Everyone knows I am a huge fan of using graphics to illustrate hard-to-describe concepts, so it should come as no surprise to anyone that I love the hell out of Howard Nemerov’s post comparing firearm ownership against a variety of other metrics in countries throughout the world. Of course, one of the best parts about this post is the source for all of his data – the United Nations, a notoriously anti-self-defense, anti-firearms organization that is intentionally and willfully supporting policies that run directly contrary to the information they themselves collected. Diogenes’ lamp, anyone?
Mr. Nemerov links to all the various sources he used for his number-crunching, but I am going to borrow his graphics and type up short synopses below them:
So what does all this mean? Well, in the small scale, as Mr. Nemerov points out himself, it means the United Nations is pointedly and intentionally ignoring its own statistics and information when proposing what to do about firearms – their decidedly anti-firearm stance, coupled with their claimed desire to ensure the freedom of all peoples in the world, simply do not make sense when put together. On the larger scale, unfortunately, the dataset these graphs are derived from is largely suspect, to the point of being useless – different countries track crimes in different fashions (up to and including omitting them entirely if no suspect is convicted, and, of course, ignoring state-sponsored murders), the “freedom” and “corruption” information is purely subjective (both what is gauged and how), and the source (the UN) is known to … adapt … information to be more salutary to themselves or countries they support.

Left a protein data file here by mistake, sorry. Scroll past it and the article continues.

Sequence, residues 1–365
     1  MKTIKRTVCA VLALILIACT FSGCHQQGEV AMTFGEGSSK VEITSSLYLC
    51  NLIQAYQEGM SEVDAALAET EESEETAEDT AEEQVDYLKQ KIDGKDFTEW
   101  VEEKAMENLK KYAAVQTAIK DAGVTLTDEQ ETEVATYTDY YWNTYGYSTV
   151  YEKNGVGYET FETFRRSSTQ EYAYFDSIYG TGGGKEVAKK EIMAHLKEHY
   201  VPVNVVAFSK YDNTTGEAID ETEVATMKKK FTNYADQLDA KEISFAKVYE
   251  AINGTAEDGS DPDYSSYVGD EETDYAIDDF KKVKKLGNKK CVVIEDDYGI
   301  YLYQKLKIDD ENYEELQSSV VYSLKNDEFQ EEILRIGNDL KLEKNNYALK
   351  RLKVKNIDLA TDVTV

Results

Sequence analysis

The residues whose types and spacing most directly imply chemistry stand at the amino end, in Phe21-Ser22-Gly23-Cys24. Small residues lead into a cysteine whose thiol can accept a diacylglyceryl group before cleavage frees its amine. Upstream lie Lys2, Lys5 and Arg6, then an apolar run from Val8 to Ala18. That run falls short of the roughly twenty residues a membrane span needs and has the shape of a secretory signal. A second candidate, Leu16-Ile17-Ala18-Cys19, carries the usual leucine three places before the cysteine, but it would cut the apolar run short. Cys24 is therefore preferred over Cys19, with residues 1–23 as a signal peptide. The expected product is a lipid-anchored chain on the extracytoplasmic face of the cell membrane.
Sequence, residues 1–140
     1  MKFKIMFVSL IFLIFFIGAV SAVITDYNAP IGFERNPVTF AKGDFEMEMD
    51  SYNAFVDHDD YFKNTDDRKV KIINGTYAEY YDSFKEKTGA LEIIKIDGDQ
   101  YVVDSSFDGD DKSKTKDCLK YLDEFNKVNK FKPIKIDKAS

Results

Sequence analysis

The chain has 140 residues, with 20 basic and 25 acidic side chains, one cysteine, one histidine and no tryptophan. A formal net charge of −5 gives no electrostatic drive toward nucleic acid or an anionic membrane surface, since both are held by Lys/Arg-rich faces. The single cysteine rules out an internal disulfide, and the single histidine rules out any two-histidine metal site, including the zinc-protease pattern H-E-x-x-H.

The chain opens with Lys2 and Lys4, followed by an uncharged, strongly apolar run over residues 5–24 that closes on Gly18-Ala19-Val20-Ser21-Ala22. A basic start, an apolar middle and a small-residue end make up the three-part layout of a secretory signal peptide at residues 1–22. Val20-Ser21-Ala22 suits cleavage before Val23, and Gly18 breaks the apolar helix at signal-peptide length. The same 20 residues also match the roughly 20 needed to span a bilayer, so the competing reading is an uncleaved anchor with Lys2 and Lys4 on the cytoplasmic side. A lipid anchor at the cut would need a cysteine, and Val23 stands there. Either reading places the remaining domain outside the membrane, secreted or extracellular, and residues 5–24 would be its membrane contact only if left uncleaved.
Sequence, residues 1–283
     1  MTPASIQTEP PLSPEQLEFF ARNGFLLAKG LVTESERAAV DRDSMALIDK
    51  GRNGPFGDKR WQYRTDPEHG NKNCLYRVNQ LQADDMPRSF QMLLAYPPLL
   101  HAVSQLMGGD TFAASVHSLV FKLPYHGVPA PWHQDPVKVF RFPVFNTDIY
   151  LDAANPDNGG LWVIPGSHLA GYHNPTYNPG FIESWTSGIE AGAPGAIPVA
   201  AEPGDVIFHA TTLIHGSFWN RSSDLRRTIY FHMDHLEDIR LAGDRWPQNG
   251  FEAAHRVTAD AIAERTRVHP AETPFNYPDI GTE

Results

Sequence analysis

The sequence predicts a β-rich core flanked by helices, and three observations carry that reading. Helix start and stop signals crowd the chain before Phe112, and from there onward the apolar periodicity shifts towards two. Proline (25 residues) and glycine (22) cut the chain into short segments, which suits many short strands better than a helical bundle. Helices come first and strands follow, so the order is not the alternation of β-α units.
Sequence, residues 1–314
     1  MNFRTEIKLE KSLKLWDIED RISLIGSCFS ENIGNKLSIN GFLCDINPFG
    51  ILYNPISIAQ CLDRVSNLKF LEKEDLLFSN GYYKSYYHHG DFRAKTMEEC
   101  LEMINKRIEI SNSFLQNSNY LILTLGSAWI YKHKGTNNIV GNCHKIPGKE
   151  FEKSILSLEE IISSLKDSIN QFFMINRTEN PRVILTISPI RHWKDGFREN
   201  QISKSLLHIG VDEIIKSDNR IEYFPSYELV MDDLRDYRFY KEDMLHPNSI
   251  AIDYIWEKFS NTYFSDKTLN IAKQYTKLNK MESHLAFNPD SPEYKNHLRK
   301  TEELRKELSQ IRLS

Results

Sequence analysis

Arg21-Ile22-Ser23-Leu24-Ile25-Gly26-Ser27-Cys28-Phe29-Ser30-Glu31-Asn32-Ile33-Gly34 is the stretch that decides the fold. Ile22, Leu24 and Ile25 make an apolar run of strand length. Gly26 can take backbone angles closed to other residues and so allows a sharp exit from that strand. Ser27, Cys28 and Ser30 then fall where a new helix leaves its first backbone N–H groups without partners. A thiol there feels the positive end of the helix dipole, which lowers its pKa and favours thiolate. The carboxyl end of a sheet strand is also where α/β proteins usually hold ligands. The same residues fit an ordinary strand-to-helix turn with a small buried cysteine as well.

And, finally, on the largest scale, my rights are not subject to any statistics, studies, or calculations – you can no more enslave me if the data indicated doing so would make the country safer than you can strip me of my right to self-defense for the same reason. This information, however, so very kindly provided to us by one of the largest anti-firearms organizations in the world, does give us bounteous cold, hard facts with which to disprove the specious talking points of anti-rights nuts – nuts sometimes even working for the very same organization responsible for this data! And, if nothing else, in a complicated world where even the mention of “statistics” or “probabilities” can cause a person’s eyes to glaze over, graphics matter when it comes to expressing complicated subjects, and Mr. Nemerov’s charts will help immensely in that regard.
Of course, on the “entertaining” side of the spectrum, one has to wonder what the average anti-rights cultist‘s reaction will be to this news… On the one hand, they cannot libellously discredit the source (given how they all love the United Nations for its anti-firearms stance) or the data (given that it was gathered by the UN), but on the other hand, these statistics indicate that their arguments are on very rocky ground indeed. One almost has to feel sorry for them… almost.
(As a reminder to all readers, correlation does not imply causation, though causation requires correlation. Put another way, positive correlation indicates that as value X increases, so too will value Y (with the inverse holding true for negative correlation), but not necessarily because of value X.
When it comes to significance of correlation, I cheated by using a table (note this is a two-tailed probability, so follow the instructions on the page), but you can solve it by hand if you want (and have the full dataset). And despite its name, “significant” correlation does not necessarily prove, or even demonstrate, causality – it simply indicates “that the probability of the relationship you have found being a chance event” is rather small.)
(Courtesy of Joe Huffman.)